Crime reading for neophytes

Thanks to Maxine at Petrona, I discovereed Uriah Robinson’s “Snowed in on Dartmoor” challenge: to list 12 books you would recommend to a reader who has never read any crime books.

While I have read hundreds – perhaps over a thousand – crime books, my reading has been somewhat limited in that I don’t particularly like a certain sub-sub-genre of the hardboiled sub-genre and have read very few caper books, but I still managed to find books to recommend from all 12 sub-genres he mentions.

1] The Origins:

Wilkie Collins: The Moonstone. One of the earliest mystery novels and a very enjoyable read.

2] The Age of Sherlock Holmes :
G.K. Chesterton: The Innocence of Father Brown. I considered R. Austin Freeman and Sir Arthur Conan Doyle, but in the end I decided on Chesterton, because I love the Father Brown stories.

3] The Golden Age:
Agatha Christie: And Then There Were None. There are a number of writers I could have recommended here, such as Dorothy L. Sayers, Margery Allingham, Josephine Tey or Ngaio Marsh.

4] Hardboiled:
Dashiell Hammett: The Maltese Falcon. My most recent hard-boiled read and one that I like very much.

5] The Police Procedural:
Hillary Waugh: Last seen wearing. It was either this, Ed McBain’s Cop Hater, or J.J. Marric's Gideon's Day, but I liked this one best.

6] Detectives [police, forensic and private]:
Sue Grafton: A is for Alibi. A very good introduction to the private eye genre.

7] Psychological suspense:
Thomas Harris: Red Dragon. There were several I could have recommended here, but I think this one is a good introduction to the genre.

8] Caper and comic crime fiction:
Carl Hiassen: Stormy Weather. Hiassen never fails to make me laugh. Had I chosen a caper story, it would have been Michael Crichton's The Great Train Robbery.

9] Historical crime fiction:
Ellis Peters: A Morbid Taste for Bones. An excellent histrical, but I did have a hard time here. I could have recommended Anne Perry, Elizabeth Peters, Lindsay Davis, Steven Saylor, Paul Doherty, or a number of others, but in my mind Ellis Peters is the queen of the historical detective story.

10] Thrillers:
Desmond Bagley: Running Blind. One of the earliest thrillers I ever read – and it takes place in Iceland.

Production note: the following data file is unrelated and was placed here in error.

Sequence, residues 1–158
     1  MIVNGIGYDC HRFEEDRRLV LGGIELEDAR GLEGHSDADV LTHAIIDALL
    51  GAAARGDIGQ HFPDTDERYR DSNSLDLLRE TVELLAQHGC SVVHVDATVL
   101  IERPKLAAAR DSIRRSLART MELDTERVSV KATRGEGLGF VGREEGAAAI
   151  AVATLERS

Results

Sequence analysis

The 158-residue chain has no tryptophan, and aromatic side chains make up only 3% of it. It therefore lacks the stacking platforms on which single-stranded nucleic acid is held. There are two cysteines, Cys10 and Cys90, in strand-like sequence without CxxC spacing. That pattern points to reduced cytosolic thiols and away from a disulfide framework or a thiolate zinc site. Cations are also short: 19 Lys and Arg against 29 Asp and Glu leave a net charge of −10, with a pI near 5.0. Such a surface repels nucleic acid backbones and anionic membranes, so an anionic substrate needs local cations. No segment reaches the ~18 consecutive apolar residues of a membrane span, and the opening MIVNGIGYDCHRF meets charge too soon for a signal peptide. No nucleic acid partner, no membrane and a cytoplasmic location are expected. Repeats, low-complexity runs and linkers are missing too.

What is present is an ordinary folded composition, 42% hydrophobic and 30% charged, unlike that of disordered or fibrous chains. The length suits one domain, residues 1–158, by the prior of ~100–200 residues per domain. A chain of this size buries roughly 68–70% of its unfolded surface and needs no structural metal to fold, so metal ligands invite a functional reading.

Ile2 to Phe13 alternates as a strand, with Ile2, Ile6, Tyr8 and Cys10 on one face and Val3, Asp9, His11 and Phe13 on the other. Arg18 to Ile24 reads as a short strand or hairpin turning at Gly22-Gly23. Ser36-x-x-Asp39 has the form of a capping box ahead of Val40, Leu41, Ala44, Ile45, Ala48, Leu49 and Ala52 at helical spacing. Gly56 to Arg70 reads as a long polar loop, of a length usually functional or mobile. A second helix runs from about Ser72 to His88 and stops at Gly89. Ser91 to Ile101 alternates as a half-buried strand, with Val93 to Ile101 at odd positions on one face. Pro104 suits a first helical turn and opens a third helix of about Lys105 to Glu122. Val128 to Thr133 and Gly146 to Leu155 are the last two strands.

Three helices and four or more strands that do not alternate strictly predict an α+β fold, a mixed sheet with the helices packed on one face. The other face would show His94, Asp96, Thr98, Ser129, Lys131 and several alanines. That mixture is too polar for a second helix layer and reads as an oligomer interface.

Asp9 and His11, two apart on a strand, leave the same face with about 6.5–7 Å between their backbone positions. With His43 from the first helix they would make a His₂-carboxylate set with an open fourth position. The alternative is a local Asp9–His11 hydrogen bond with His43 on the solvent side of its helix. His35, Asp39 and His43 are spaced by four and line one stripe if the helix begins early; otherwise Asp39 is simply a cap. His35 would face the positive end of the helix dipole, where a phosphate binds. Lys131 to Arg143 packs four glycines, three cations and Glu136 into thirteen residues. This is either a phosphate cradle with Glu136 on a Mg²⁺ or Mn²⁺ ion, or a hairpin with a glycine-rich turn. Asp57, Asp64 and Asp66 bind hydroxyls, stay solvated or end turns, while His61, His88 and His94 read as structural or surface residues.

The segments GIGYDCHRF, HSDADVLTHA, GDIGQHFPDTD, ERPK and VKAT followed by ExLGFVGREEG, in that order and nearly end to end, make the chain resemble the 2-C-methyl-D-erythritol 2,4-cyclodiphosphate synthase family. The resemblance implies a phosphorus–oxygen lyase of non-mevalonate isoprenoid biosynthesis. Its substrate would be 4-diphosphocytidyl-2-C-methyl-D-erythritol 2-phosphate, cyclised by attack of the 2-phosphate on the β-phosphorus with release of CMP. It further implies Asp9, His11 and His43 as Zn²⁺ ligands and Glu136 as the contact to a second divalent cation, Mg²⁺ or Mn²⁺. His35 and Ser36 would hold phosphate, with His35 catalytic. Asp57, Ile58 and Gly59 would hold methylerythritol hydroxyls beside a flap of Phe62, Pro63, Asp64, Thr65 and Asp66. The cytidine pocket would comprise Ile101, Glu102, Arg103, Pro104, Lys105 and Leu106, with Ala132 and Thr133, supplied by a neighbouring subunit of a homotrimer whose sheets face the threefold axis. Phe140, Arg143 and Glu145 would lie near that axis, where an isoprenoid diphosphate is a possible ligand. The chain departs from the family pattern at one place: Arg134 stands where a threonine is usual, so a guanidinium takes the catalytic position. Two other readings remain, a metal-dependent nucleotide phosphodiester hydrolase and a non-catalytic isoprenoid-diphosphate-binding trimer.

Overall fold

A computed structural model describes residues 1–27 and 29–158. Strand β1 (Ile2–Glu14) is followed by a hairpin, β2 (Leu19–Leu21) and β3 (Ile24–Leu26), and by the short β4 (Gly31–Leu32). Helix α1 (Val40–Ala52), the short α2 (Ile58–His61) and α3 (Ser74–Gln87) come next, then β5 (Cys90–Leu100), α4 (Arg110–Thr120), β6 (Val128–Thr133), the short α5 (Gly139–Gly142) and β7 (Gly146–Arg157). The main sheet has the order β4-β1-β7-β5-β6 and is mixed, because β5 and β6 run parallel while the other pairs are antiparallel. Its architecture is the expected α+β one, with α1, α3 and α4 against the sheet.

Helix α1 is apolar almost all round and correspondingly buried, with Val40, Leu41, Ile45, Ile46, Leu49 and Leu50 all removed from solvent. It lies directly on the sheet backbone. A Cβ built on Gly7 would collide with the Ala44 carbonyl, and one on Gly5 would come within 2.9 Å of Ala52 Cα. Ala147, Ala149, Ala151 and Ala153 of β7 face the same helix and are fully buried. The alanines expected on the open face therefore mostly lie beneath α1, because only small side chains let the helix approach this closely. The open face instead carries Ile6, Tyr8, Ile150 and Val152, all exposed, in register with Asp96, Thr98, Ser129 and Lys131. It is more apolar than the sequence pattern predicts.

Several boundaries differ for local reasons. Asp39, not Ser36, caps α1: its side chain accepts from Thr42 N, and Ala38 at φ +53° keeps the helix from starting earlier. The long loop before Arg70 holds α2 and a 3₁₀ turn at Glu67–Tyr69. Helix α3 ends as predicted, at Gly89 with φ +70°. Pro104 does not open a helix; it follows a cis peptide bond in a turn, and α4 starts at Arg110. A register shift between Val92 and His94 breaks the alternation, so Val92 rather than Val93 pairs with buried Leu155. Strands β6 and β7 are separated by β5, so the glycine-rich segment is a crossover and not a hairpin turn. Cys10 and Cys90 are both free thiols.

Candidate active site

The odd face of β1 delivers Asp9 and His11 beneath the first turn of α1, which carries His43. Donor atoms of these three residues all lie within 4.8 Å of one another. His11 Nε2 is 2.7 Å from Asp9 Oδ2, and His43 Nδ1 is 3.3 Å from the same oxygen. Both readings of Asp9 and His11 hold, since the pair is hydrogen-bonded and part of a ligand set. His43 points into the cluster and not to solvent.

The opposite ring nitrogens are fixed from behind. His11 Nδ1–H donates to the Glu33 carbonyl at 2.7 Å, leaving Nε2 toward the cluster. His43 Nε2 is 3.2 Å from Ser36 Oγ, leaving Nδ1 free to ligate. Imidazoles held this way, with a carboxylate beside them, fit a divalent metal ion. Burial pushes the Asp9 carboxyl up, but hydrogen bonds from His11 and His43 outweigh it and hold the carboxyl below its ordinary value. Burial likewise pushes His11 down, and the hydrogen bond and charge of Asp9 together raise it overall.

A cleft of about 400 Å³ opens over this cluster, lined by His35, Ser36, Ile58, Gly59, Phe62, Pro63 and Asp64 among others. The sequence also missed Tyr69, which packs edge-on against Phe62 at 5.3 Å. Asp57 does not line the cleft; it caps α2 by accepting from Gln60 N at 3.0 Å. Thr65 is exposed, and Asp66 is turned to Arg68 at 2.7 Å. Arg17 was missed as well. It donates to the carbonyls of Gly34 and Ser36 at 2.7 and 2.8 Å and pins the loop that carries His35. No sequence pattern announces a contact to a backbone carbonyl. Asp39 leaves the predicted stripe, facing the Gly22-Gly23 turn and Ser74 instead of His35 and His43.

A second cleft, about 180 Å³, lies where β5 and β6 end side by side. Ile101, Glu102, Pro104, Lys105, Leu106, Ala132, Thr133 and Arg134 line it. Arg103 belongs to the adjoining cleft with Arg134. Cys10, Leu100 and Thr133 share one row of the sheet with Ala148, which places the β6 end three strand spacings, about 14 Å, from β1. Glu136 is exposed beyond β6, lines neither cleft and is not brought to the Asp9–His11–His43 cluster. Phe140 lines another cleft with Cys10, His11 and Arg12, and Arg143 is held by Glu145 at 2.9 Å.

11] Crime fiction in translation:
Arnaldur Indriðason: Silence of the Grave. He's Icelandic. So am I.

12] The Wild Card category:
Sir Arthur Conan Doyle: The Hound of the Baskervilles. I felt Doyle rated a mention.

To this I would like to add:

13] Fantasy/sci-fi crime fiction:
Terry Pratchett: Feet of Clay. Quite a good police procedural, with the addition of a werewolf, dwarves, and golems.

14] Spy and espionage fiction:
Ken Follett: The Key to Rebecca. Based on a true story, this is one of the best spy thrillers I have read. Could also have gone in the thriller or historical categories.


Dorte H said…
Great answer to Norman´s challenge :)
I haven´t read them all, but I know 8 of the authors, and I really like your countryman. I also had problems with the hardboiled genre but decided that Ian Rankin´s Inspector Rebus must be tough enough for most people.
Uriah Robinson said…
Thanks for taking the challenge and a fantastic list.
George said…
In the CAPER/COMEDY genre, I think Donald Westlake is the king. Under his own name, he wrote the classic THE HOT ROCK and under the pen name of "Richard Stark" he wrote the gritty Parker series. My favorite Parker is SLAYGROUND where Parker accidentally witnesses a drug transaction and the gangsters chase him into an abandoned amusement park. Mayhem results.
Bibliophile said…
Dorte, I agree on Rebus.

Uriah, thanks for posting the challenge.

George, I have seen a couple of Westlake movies but never read any of his books, although I do have a number of his books on my TBR list. Thanks for the recommendations.

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